Where Have All The Memorable Movie Themes Gone? Hollywood Composers Speak Out [Exclusive]

EXCLUSIVES

Hans Zimmer is one of the most famous composers on Earth, but unless you read industry trades or pay close attention to entertainment news, you may not realize that he doesn’t actually compose the entire score for the movies he works on. Zimmer is the public face of a company called Remote Control, which essentially serves the function of something akin to a musical assembly line. Zimmer does some work, yes, but much of it is delegated to legions of his proteges who tackle various aspects of creating film scores, including generating original cues. I don’t mean to pick on Zimmer here; he certainly isn’t the only composer to engage in methods like this, he’s just the best-known face of the practice. In 2022, Vanity Fair called this figurehead approach “film composing’s biggest open secret” and quoted a now-deleted tweet from composer Joe Kraemer (“Jack Reacher”) as saying, “I can count the number of mainstream Hollywood composers that I KNOW write all their music themselves on one hand” — a pretty damning statement for those of us who assumed all composers individually toiled away to produce their own scores.

“Back in the day, even with me, the concept of working with other composers on a score was like, what? That just sounds wrong,” John Ottman recalled. “I grew up in that John Williams, Jerry Goldsmith, John Barry era, where if I heard that they even had anyone writing anything for them, I’d be petrified. My point by saying that is that when those composers were on a movie, that one movie was their world. Sometimes it happened that there was overlap between one movie and another, but they weren’t working on five movies at the same time. So they had time to devote to that one movie to impart their own soul, as it were, musical soul, to that film and not a team of five, ten, fifty people.”

In this episode of the Twenty Thousand Hertz podcast, sound designer and host Dallas Taylor spoke with several musicians and technicians who work under Hans Zimmer about the themes that are woven throughout Zimmer’s score for Denis Villeneuve’s first “Dune” film. “If you look at something like ‘Dune,’ for instance, there’s three themes, maybe four themes in the whole movie,” said composer Steve Mazzaro. “A lot of them are very subliminal. You might not necessarily notice them.”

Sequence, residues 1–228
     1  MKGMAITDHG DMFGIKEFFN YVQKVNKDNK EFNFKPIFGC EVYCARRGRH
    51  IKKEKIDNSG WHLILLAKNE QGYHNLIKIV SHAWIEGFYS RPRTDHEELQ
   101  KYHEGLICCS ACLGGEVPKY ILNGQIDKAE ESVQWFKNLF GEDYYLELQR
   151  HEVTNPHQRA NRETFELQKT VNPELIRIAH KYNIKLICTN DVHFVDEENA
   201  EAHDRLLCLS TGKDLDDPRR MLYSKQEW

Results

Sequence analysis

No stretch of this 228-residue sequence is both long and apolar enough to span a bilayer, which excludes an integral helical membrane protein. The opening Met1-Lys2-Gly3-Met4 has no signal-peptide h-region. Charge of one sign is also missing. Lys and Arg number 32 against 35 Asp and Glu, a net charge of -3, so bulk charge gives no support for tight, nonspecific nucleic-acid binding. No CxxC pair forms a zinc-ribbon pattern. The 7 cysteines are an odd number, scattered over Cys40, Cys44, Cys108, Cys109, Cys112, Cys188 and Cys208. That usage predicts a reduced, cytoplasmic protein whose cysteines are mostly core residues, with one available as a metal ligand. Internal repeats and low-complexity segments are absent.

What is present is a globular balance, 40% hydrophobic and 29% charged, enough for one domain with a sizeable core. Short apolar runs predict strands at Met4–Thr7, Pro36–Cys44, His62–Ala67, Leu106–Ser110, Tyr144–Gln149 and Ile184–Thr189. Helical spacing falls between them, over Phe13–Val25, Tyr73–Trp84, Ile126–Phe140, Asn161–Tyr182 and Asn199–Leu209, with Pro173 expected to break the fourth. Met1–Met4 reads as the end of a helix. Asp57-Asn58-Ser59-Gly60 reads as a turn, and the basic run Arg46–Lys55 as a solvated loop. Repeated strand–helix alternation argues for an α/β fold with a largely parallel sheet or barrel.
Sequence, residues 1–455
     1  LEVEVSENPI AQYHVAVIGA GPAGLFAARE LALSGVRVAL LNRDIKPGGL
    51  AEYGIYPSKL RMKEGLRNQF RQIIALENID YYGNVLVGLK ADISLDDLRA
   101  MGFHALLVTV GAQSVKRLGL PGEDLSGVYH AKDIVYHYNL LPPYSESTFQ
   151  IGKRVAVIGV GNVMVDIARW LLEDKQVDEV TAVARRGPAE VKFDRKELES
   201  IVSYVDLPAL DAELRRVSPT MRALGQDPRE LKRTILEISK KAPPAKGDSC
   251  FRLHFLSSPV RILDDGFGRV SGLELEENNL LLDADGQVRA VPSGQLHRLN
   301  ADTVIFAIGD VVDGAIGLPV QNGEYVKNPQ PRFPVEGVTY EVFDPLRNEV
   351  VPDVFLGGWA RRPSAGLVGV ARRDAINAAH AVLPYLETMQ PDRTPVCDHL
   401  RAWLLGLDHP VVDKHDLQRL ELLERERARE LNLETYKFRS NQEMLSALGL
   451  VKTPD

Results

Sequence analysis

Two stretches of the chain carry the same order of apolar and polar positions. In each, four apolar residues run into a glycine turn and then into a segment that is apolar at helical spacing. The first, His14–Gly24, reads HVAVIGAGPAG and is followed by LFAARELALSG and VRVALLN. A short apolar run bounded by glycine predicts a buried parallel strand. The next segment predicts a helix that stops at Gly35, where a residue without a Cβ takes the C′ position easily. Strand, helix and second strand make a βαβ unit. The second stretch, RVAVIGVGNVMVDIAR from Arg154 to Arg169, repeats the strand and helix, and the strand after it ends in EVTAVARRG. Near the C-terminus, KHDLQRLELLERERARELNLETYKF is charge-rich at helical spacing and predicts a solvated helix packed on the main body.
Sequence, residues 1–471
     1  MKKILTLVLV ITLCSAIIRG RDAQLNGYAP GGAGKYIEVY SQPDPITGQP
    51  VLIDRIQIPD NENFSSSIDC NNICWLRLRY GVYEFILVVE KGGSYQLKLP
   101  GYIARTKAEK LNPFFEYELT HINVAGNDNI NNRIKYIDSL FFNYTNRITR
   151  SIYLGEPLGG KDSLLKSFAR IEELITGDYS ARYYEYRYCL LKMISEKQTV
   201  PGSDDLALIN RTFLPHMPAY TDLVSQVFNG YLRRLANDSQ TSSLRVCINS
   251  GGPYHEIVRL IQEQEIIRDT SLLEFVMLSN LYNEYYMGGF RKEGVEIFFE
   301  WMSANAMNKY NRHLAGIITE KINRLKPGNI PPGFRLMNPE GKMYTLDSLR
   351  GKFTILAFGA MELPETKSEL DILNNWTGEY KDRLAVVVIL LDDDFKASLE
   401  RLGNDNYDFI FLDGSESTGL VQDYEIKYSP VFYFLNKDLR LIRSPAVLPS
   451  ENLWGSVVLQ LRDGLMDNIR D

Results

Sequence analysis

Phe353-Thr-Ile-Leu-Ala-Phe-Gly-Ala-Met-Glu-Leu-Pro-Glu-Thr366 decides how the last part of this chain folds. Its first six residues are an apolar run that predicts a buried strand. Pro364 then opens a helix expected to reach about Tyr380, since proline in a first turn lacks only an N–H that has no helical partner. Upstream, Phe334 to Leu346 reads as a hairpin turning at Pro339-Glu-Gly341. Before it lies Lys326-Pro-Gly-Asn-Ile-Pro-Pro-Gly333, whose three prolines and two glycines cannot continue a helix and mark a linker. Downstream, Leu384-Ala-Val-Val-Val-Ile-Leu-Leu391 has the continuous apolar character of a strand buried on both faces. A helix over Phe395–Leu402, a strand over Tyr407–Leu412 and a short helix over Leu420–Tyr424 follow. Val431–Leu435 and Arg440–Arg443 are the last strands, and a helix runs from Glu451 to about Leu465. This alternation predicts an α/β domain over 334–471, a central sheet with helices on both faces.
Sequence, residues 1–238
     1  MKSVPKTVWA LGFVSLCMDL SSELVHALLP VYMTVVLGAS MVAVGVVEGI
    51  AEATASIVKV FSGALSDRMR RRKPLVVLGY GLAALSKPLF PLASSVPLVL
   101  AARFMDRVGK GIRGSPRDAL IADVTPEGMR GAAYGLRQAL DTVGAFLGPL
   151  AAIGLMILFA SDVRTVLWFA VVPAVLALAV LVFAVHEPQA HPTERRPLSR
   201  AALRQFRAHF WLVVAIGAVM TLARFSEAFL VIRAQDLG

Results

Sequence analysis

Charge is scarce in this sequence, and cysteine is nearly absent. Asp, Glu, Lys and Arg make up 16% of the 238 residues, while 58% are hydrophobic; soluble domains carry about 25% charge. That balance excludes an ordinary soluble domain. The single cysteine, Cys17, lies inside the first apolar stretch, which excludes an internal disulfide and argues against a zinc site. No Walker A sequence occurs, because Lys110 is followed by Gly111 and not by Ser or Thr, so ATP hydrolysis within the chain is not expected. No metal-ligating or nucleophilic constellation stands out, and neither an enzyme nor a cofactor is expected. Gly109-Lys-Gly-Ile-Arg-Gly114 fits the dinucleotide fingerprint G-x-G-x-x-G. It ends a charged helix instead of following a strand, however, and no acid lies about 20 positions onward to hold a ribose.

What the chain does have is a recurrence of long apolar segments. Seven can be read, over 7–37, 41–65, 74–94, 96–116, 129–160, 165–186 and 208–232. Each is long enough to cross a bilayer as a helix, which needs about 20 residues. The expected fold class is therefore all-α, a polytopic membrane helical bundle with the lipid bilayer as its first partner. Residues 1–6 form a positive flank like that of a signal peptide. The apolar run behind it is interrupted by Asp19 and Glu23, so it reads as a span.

Raul Vega, a sample developer, digital instrument designer, and musician jack of all trades who helped create the sonic palette for Zimmer to work with on this score, chimed in: “When you listen to the score, you may not be getting something that is so motif-heavy in a vein of, ‘Here’s our theme and this is exactly what it is. This is the orchestra.’ You’re getting so many different layers of texture that are representing all of these different elements and grains of sand […] the samples are the sand, and how they move apart and move up and down and every which way you can think of in the score, there’s something really beautiful about that.”

Personally, I think the “Dune” score is terrific. It’s one of the few blockbuster scores of the past several years with a theme that got me amped when I heard it, and the complexity of the music feels like a natural extension of the gargantuan scope of that story. But as John Ottman pointed out, once a large team is introduced into the scoring process and a composer begins to be stretched across multiple projects at once, “the scores are going to inevitably suffer in terms of having a musical identity.” When that happens, the stamp of the composer begins to disappear, it becomes more difficult to recognize a person’s work solely from listening to it, and some of that human touch, the distinct personality that composers bring to their work, can get diluted. Whether or not that’s happening to Zimmer doesn’t seem to matter to the entertainment industry: He won his second Oscar for the “Dune” score.

“Most composers working today, I couldn’t tell their music apart from another composer,” Ottman continued. “That’s because this cool factor thing, so to speak, that came in where there’s really no theme. It’s a three-note motif, and that’s the theme of the whole movie.”

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